Project description:Nε-Acetylation of lysine residues represents a frequently occurring post-translational modification widespread in bacteria that plays vital roles in regulating bacterial physiology and metabolism. However, the role of lysine acetylation in cyanobacteria remains unclear, presenting a hurdle to in-depth functional study of this post-translational modification. Here, we report the lysine acetylome of Synechococcus sp. PCC 7002 (hereafter Synechococcus) using peptide prefractionation, immunoaffinity enrichment, and coupling with high-precision liquid chromatography-tandem mass spectrometry analysis. Proteomic analysis of Synechococcus identified 1653 acetylation sites on 802 acetylproteins involved in a broad range of biological processes. Interestingly, the lysine acetylated proteins were enriched for proteins involved in photosynthesis, for example. Functional studies of the photosystem II manganese-stabilizing protein were performed by site-directed mutagenesis and mutants mimicking either constitutively acetylated (K99Q, K190Q, and K219Q) or nonacetylated states (K99R, K190R, and K219R) were constructed. Mutation of the K190 acetylation site resulted in a distinguishable phenotype. Compared with the K190R mutant, the K190Q mutant exhibited a decreased oxygen evolution rate and an enhanced cyclic electron transport rate in vivo Our findings provide new insight into the molecular mechanisms of lysine acetylation that involved in the negative regulation of oxygen evolution in Synechococcus and creates opportunities for in-depth elucidation of the physiological role of protein acetylation in photosynthesis in cyanobacteria.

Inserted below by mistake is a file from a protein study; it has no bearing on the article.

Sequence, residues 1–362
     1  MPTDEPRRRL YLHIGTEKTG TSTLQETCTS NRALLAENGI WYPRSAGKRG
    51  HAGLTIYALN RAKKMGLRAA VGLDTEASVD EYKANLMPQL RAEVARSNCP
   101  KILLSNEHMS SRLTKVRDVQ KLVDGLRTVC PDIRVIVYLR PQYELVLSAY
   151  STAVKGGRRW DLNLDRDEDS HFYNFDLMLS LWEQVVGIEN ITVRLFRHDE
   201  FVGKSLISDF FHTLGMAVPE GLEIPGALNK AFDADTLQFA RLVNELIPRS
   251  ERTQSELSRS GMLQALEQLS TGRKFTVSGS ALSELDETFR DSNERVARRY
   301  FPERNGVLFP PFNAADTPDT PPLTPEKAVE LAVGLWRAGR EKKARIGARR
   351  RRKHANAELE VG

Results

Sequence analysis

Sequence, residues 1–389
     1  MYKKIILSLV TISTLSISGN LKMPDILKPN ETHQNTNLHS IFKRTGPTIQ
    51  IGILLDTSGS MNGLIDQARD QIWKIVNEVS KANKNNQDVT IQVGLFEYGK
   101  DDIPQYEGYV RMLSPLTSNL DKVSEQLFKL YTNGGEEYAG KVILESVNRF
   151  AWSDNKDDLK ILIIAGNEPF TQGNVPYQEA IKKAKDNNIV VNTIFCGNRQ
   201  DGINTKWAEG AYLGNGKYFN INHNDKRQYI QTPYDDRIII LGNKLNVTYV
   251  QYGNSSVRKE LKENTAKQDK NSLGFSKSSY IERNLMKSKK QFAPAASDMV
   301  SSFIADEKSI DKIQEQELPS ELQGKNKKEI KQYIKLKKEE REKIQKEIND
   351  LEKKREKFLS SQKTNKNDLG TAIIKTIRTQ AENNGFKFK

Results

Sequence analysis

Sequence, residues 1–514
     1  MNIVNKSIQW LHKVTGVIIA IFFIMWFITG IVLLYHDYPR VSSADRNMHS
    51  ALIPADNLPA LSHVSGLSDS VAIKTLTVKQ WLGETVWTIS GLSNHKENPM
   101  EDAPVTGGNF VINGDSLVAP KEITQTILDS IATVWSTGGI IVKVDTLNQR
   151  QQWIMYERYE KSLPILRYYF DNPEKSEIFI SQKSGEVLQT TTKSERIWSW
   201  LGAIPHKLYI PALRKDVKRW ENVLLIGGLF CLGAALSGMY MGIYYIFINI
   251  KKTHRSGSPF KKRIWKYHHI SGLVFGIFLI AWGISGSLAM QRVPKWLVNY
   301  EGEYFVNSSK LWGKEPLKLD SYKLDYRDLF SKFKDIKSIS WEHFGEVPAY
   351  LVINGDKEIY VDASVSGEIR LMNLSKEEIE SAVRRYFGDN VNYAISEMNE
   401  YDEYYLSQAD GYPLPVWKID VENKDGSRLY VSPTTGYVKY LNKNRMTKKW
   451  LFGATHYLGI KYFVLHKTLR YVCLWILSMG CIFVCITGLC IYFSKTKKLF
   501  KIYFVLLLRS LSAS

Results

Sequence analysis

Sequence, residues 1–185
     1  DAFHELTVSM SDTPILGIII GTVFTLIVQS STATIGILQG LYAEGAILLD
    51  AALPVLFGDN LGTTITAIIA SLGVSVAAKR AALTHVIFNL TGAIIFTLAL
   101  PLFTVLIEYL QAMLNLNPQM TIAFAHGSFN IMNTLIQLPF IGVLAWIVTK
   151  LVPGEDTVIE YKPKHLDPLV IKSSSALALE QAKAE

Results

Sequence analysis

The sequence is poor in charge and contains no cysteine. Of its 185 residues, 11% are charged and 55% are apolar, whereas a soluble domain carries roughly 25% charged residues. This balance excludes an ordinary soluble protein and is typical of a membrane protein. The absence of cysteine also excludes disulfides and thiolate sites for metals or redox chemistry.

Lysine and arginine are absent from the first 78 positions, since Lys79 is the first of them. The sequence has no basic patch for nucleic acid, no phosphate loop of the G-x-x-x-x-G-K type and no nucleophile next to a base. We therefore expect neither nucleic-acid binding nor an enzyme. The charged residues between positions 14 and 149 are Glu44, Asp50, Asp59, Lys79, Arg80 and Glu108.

Project description:Lysine acetylation is a dynamic and reversible post-translational modification that plays an important role in diverse cellular processes. Botrytis cinerea is the most thoroughly studied necrotrophic species due to its broad host range and huge economic impact. However, to date, little is known about the functions of lysine acetylation in this plant pathogen. In this study, we determined the lysine acetylome of B. cinerea through the combination of affinity enrichment and high-resolution LC-MS/MS analysis. Overall, 1582 lysine acetylation sites in 954 proteins were identified. Bioinformatics analysis shows that the acetylated proteins are involved in diverse biological functions and show multiple cellular localizations. Several particular amino acids preferred near acetylation sites, including K(ac)Y, K(ac)H, K(ac)***R, K(ac)F, FK(ac) and K(ac)***K, were identified in this organism. Protein interaction network analysis demonstrates that a variety of interactions are modulated by protein acetylation. Interestingly, 6 proteins involved in virulence of B. cinerea, including 3 key components of the high-osmolarity glycerol pathway, were found to be acetylated, suggesting that lysine acetylation plays regulatory roles in pathogenesis. These data provides the first comprehensive view of the acetylome of B. cinerea and serves as a rich resource for functional analysis of lysine acetylation in this plant pathogen.